Beneath a surface layer of unbelief or Orthodox Christianity, Russia is an animist country. Ordinary physical objects are alive in Russia far more than they are in America, and, however Russia's religious or political currents flow, this native animism remains strong. Trees, streets, utensils, groves, machines--each has its own spirit and its own personality, like the cabin belonging to the witch Baba Yaga that could get up on its chicken legs and run around. A Russian telephone isn't just a phone, it's a being; once, at my friend Alex Melamid's mother's apartment when I was having trouble dialling her phone, she showed me how, explaining, "He likes to be dialled slowly." In Russia, alarm clocks don't ring; they burst into rooster-crowing.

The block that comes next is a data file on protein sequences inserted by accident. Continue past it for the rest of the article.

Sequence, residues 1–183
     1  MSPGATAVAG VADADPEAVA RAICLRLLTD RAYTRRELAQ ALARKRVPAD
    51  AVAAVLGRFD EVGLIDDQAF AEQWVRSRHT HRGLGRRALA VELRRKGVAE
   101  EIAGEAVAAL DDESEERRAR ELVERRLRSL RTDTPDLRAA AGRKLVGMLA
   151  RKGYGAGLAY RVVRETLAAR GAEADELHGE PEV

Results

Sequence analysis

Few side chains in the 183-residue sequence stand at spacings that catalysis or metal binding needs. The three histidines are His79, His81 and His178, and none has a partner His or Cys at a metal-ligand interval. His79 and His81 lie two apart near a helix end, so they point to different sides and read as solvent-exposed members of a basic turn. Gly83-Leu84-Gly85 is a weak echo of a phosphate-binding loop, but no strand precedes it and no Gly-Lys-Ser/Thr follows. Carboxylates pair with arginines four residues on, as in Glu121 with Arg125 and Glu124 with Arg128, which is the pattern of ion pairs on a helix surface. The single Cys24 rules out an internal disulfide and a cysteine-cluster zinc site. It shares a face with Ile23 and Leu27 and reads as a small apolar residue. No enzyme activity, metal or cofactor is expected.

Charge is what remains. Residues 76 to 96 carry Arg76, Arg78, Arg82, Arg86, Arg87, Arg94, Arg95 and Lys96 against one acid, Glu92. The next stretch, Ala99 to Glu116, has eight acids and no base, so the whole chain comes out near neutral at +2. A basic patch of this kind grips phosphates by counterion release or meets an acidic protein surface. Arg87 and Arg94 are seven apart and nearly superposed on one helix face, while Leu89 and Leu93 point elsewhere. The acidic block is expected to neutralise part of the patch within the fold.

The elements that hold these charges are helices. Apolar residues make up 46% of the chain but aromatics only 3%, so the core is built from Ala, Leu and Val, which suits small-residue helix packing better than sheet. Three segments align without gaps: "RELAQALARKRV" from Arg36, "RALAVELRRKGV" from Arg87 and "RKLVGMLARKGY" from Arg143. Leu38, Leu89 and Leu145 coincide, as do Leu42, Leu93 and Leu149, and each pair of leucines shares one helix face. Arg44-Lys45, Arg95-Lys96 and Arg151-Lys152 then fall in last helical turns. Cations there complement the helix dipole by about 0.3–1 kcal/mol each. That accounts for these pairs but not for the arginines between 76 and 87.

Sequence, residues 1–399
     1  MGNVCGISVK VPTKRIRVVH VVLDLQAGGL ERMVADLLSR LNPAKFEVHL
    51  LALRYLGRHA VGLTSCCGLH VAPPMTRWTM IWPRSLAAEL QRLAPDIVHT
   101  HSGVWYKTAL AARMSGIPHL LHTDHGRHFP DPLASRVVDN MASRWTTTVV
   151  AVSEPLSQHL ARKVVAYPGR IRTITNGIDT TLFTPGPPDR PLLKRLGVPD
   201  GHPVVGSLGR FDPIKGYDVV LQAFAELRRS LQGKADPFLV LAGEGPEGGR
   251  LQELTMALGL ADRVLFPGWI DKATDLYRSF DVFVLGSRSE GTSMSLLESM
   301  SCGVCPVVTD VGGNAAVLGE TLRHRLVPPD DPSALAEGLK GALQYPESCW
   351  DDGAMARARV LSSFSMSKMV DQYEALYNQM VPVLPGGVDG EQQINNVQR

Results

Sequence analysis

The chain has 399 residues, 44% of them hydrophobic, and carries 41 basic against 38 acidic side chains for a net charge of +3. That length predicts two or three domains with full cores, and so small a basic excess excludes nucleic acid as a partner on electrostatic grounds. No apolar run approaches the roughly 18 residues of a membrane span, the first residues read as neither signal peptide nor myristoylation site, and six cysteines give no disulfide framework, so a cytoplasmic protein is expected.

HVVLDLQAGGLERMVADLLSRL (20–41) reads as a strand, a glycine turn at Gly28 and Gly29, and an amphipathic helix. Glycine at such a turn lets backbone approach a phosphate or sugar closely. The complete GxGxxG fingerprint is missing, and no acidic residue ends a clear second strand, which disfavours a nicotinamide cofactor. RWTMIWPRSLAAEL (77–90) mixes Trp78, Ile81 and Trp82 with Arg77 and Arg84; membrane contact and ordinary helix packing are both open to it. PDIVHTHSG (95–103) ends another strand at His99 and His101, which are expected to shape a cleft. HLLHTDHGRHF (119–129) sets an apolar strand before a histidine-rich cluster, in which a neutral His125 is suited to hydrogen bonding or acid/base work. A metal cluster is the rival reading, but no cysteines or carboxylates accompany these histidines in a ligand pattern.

In Russia the windshield wiper on your car isn't called a mechanical name--it's a dvornik, a word whose more common meaning is "custodian." What we call a speed bump in America the Russians call lezhachii politseiskii, which means "lying-down policeman."
Monday, September 6, 2010
Paragraph of the Week
From Ian Frazier's "On the Prison Highway," from the August 30, 2010 edition of The New Yorker: